1 hour agoCreated a post • 52 points @teleforce
A few papers that changed my life were the ones about distributed, no sql databases (cassandra, consistent hashing, dynamodb, map reduce, etc). But I would not recommend them to anybody else, I was just useful to me as at the time. I was a CS student in Argentina, studying in a very old fashioned university. The coding exams were done ON PAPER in a Pascal-flavored pseudo code.
When I found and started reading those papers it was like finding life in another planet. It completely changed my way of thinking. I dropped out school and focused on learning as much of the cool stuff as possible (on the internet). It payed off well :)Reply
1. [On the criteria to be used in decomposing systems into modules – David Parnas](https://prl.ccs.neu.edu/img/p-tr-1971.pdf)
2. [A Note On Distributed Computing – Jim Waldo, Geoff Wyant, Ann Wollrath, Sam Kendall](https://www.cc.gatech.edu/classes/AY2010/cs4210_fall/papers/...)
3. [The Next 700 Programming Languages – P. J. Landin](http://thecorememory.com/Next_700.pdf)
4. [Can Programming Be Liberated from the von Neumann Style? – John Backus](http://www.csc.villanova.edu/~beck/csc8310/BackusFP.pdf)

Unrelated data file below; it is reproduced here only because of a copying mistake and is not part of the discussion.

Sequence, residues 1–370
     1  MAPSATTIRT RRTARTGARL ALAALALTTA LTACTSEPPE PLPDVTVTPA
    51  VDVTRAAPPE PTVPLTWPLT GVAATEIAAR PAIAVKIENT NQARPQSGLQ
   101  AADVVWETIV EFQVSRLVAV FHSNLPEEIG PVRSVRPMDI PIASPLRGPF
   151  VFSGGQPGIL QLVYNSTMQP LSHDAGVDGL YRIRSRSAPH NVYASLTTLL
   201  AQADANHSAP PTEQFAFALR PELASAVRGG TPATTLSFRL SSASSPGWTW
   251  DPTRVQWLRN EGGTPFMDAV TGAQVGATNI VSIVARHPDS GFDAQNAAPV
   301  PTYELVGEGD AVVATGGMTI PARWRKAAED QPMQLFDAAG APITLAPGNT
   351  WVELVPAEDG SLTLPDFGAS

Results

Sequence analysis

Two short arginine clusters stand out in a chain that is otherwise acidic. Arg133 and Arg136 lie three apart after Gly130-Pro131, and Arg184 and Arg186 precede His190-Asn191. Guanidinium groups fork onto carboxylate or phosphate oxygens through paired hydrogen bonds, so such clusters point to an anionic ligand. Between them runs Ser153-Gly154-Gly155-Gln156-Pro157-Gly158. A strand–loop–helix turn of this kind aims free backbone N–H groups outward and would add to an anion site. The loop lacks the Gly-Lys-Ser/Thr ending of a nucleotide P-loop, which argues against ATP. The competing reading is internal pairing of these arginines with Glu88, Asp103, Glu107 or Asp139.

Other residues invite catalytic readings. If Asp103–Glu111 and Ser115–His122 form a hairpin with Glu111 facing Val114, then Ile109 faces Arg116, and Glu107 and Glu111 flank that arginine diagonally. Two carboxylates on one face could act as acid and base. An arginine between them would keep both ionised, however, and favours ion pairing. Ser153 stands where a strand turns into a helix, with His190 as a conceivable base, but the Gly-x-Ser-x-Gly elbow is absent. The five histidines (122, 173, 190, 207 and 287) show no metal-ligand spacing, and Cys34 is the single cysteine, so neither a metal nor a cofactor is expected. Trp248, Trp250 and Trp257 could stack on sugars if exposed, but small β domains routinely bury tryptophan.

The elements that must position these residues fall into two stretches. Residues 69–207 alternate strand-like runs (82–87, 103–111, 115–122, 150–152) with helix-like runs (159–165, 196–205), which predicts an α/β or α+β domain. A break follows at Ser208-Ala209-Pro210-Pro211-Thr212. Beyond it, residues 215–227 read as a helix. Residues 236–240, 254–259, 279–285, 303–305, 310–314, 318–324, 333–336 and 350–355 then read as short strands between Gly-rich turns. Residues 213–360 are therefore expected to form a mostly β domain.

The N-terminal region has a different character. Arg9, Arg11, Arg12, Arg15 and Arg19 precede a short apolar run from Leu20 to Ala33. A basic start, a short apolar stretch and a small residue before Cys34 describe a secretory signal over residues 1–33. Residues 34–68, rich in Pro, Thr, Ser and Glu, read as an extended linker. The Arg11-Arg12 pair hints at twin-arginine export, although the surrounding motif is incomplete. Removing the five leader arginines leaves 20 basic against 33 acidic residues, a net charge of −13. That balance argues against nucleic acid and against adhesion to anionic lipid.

5. [Reflections on Trusting Trust – Ken Thompson](http://users.ece.cmu.edu/~ganger/712.fall02/papers/p761-thom...)
6. [Lisp: Good News, Bad News, How to Win Big – Richard Gabriel](https://www.dreamsongs.com/Files/LispGoodNewsBadNews.pdf)
7. An experimental evaluation of the assumption of independence in multiversion programming – John Knight and Nancy Leveson
8. [Arguments and Results – James Noble](http://www.laputan.org/pub/patterns/noble/noble.pdf)
9. [A Laboratory For Teaching Object-Oriented Thinking – Kent Beck, Ward Cunningham](http://c2.com/doc/oopsla89/paper.html)
10. [Programming as an Experience: the inspiration for Self – David Ungar, Randall B. Smith](https://suif.stanford.edu/~lam/cs343/programming-as-experien...)Reply
A lot of developers will never run into most of the topics discussed in these papers.
However, at some point, they will all write some software that does arithmetic on arbitrary data. They will all be tempted to calculate an average by adding all the numbers and dividing by ten. Therefore, I propose that all developers should read and re-read Goldberg regularly.Reply
> Reflections on Trusting Trust – Ken Thompson
I wish Ken writes more papers & documents.Reply
This blog post is from 2017 but it's a repost from ~2009.
Maybe it's just me but I don't think reading a paper about `A Laboratory For Teaching Object-Oriented Thinking` is relevant anymore except for historical purposes.Reply